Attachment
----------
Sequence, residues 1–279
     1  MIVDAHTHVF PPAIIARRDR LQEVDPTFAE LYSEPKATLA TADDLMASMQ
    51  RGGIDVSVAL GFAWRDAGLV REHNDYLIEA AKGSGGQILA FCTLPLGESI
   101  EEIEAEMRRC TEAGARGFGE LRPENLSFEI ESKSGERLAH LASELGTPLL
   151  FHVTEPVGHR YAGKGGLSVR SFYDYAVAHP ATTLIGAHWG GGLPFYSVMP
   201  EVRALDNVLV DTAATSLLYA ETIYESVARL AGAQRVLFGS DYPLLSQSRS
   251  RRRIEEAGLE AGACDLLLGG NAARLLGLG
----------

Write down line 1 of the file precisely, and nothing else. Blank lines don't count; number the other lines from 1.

Sequence, residues 1–279